On China policy, Trump’s campaign promises to impose additional trade tariffs on Chinese goods has not materialised. As president, he also has acknowledged there is no basis for recognising China as a currency manipulator. Despite Trump’s harsh rhetoric, there has been an improvement in relations between the two countries and even the signing of an agreement to open the Chinese financial-services market to US companies. This rapprochement indirectly affected China’s support for the implementation of the UN sanctions on North Korea. However, the Trump administration has yet to present a comprehensive policy strategy on China, instead basing an ad hoc position on the results of the April summit of the countries’ leaders. Separately, Trump withdrew the US from negotiations on the Trans-Pacific Partnership (TPP), which would have formed a trade bloc to rival China, declaring the US would now focus on bilateral trade agreements with partners in the region, including Japan.

On Middle East issues, the Trump administration has continued the Obama policy of combating the Islamic State (IS/ISIS) terror group. Trump also upheld the decision to use American special operations forces in Syria, increasing the number of deployed soldiers to 500. He also succeeded in persuading NATO members to formally join the global coalition against IS (though without increasing their combat contributions). Meanwhile, US airstrikes on IS positions intensified. The administration has not announced a plan to engage in the reconstruction of Syria after the end of military operations against IS and is silent on its “exit strategy.” Contrary to his campaign claims, the president has not withdrawn the US from the multilateral nuclear deal with Iran. So far, he has chosen to “decertify” the agreement, giving Congress the opportunity to define further US policy towards Iran. Trump also has presented only an outline of a new strategy for US involvement in Afghanistan, which would increase the US mission’s capability depending on the situation and security requirements.

Conflicts in the Administration and with Congress

Trump, a Washington outsider, based his image of foreign policy on a false assumption of the presidency, namely that it had a predominant role over Congress and unconstrained ability to project economic, military, and political power. The president quickly came into conflict with Congress, which limited Trump’s ability to pursue his plans. Proof of the antagonism between the White House and “the Hill” is a bill sent to him, which he signed, that restricts the president’s ability to introduce or eliminate sanctions on several countries, including Russia. Trump’s failure so far to improve US relations with Russia derives from an unfavourable internal political context for the president that only exaggerated the differences in Russia’s interests on Syria and Ukraine. The repeated accusations against Trump campaign staff and Cabinet officials regarding their contacts with Russian business people and diplomats, in light of US intelligence reports on Russia’s interference in the 2016 presidential election in America, have significantly reduced the Trump administration’s abilities.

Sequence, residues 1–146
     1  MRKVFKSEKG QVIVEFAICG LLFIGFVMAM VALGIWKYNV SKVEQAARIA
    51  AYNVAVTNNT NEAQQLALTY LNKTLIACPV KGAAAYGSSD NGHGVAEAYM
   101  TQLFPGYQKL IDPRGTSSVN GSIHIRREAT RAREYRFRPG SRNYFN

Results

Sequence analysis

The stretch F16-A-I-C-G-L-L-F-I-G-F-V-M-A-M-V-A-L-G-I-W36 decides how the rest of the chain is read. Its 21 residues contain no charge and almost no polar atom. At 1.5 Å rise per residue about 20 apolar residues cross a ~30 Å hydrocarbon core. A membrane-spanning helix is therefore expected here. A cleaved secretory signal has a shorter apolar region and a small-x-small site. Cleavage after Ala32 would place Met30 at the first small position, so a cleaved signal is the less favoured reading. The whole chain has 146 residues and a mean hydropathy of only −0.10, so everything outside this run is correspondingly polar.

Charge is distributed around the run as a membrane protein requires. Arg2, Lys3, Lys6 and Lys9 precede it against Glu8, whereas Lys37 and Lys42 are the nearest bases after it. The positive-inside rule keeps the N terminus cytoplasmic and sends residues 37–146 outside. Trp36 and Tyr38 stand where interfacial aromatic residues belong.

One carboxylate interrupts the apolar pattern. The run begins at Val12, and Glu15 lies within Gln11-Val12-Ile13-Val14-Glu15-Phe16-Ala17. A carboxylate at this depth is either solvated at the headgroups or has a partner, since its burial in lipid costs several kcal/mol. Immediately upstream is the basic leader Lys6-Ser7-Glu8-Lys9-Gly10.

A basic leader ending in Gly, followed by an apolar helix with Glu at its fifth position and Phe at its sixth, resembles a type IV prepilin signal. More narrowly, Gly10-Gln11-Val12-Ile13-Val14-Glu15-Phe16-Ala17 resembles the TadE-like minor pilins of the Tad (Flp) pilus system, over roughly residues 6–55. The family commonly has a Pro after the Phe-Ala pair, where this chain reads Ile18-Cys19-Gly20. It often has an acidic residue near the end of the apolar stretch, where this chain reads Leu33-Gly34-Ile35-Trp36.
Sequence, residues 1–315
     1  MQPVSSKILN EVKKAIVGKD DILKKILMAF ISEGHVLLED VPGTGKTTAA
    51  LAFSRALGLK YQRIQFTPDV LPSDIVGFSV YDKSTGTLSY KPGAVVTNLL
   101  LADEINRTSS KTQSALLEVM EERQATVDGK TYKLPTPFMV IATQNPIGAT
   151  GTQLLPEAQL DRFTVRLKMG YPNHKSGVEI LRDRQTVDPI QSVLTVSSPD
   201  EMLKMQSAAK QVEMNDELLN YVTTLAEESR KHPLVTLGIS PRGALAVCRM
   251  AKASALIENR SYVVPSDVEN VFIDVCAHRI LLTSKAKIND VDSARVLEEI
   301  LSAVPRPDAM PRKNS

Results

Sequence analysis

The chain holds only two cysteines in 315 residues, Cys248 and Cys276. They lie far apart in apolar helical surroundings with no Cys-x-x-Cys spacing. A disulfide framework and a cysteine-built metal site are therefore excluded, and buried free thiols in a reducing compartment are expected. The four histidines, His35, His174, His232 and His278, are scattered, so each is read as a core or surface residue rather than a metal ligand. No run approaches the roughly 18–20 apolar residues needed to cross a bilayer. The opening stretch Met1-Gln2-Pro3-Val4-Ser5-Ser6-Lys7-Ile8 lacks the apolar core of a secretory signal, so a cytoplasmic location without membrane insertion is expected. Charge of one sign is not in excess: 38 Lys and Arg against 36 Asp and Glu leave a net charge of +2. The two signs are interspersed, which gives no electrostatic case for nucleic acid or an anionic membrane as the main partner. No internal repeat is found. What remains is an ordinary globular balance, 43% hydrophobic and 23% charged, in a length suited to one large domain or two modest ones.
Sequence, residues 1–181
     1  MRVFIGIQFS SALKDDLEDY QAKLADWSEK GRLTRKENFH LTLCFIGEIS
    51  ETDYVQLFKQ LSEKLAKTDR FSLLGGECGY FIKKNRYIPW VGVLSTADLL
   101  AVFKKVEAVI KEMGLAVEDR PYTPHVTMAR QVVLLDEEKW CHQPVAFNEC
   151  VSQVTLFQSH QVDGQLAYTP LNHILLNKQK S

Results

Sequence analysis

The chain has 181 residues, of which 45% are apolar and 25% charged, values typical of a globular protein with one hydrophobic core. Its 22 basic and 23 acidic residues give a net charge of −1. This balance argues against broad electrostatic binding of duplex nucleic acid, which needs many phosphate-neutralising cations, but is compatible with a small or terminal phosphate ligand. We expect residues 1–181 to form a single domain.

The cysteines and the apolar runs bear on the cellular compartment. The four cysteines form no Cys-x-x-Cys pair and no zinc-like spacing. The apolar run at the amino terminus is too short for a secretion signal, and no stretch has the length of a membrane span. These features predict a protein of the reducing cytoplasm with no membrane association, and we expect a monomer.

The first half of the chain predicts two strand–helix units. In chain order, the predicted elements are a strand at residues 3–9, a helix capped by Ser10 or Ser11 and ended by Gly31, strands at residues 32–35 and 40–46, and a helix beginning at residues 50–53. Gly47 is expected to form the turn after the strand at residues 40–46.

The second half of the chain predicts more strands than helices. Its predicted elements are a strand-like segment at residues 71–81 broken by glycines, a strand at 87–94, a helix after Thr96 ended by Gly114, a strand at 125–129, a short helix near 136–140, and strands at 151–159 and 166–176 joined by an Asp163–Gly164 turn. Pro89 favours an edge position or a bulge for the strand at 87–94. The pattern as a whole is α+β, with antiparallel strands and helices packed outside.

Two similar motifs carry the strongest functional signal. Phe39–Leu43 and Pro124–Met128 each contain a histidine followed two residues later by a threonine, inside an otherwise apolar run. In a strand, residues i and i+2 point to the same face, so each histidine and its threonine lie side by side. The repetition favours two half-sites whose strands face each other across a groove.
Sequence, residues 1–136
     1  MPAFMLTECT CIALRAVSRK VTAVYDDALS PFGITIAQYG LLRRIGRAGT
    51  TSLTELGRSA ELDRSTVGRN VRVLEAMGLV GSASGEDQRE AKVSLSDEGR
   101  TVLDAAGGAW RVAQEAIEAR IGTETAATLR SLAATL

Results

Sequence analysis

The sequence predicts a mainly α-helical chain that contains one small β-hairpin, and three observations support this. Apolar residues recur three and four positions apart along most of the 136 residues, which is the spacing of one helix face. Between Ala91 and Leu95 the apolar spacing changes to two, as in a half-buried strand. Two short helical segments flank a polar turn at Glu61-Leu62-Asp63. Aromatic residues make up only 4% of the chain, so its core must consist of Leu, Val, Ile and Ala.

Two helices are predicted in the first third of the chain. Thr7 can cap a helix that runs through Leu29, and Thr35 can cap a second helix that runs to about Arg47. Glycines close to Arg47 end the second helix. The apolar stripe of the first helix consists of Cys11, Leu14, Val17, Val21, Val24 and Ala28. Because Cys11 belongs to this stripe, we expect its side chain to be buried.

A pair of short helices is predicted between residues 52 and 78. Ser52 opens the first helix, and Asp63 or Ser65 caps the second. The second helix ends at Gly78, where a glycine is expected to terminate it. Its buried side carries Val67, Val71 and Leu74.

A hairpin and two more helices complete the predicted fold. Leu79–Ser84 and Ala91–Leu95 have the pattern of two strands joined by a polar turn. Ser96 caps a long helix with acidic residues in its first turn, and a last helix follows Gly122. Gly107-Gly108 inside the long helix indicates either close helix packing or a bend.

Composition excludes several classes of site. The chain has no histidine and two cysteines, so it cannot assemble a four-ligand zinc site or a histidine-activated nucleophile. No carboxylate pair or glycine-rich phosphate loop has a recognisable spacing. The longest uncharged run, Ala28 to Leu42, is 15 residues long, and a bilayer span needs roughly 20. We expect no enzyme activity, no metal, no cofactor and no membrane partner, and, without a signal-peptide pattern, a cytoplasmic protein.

The effectiveness of the administration in its first months in office were further weakened by internal conflicts involving some of the president’s closest associates. Two groups within the White House competed for greater influence on the decision-making process. After White House chief strategist Steve Bannon’s resignation, opponents of radical shifts in US foreign policy, including Chief of Staff John Kelly, Defense Secretary James Mattis, and National Security Advisor H.R. McMaster, became more influential with Trump. At the same time, Secretary of State Rex Tillerson and the State Department, which he leads, have been marginalised, weakened in part by slow Senate reviews of key nominations of senior officials.


US foreign policy under Trump suffers from a lack of regional strategies and is based on ad hoc decisions and suggestions by officials closest to the president. This method of governance makes it difficult to implement arrangements and complicates cooperation with US allies. In addition, the administration’s growing conflict with Congress and lack of mutual trust limits the ability of the US to adopt and introduce new solutions and has a negative impact on the credibility of American foreign policy.

Trump’s confrontational rhetoric has worsened transatlantic relations. On the other hand, the administration continues to strengthen Allied security on the Eastern Flank. Trump’s participation in the TSI summit showed his willingness to support projects that could benefit US economic interests. The summit example confirms that the Trump administration’s involvement, given the asymmetry in US-CEE potentials (political, military, economic), will depend on how the countries of the region secure America’s interests in these relations.

Andrzej Dąbrowski is an analyst of United States foreign policy. He is a graduate of political science and history faculties at the Warsaw University.

This article was first published on 8 November 2017 by the Polish Institute of International Affairs (PISM). It is republished with permission.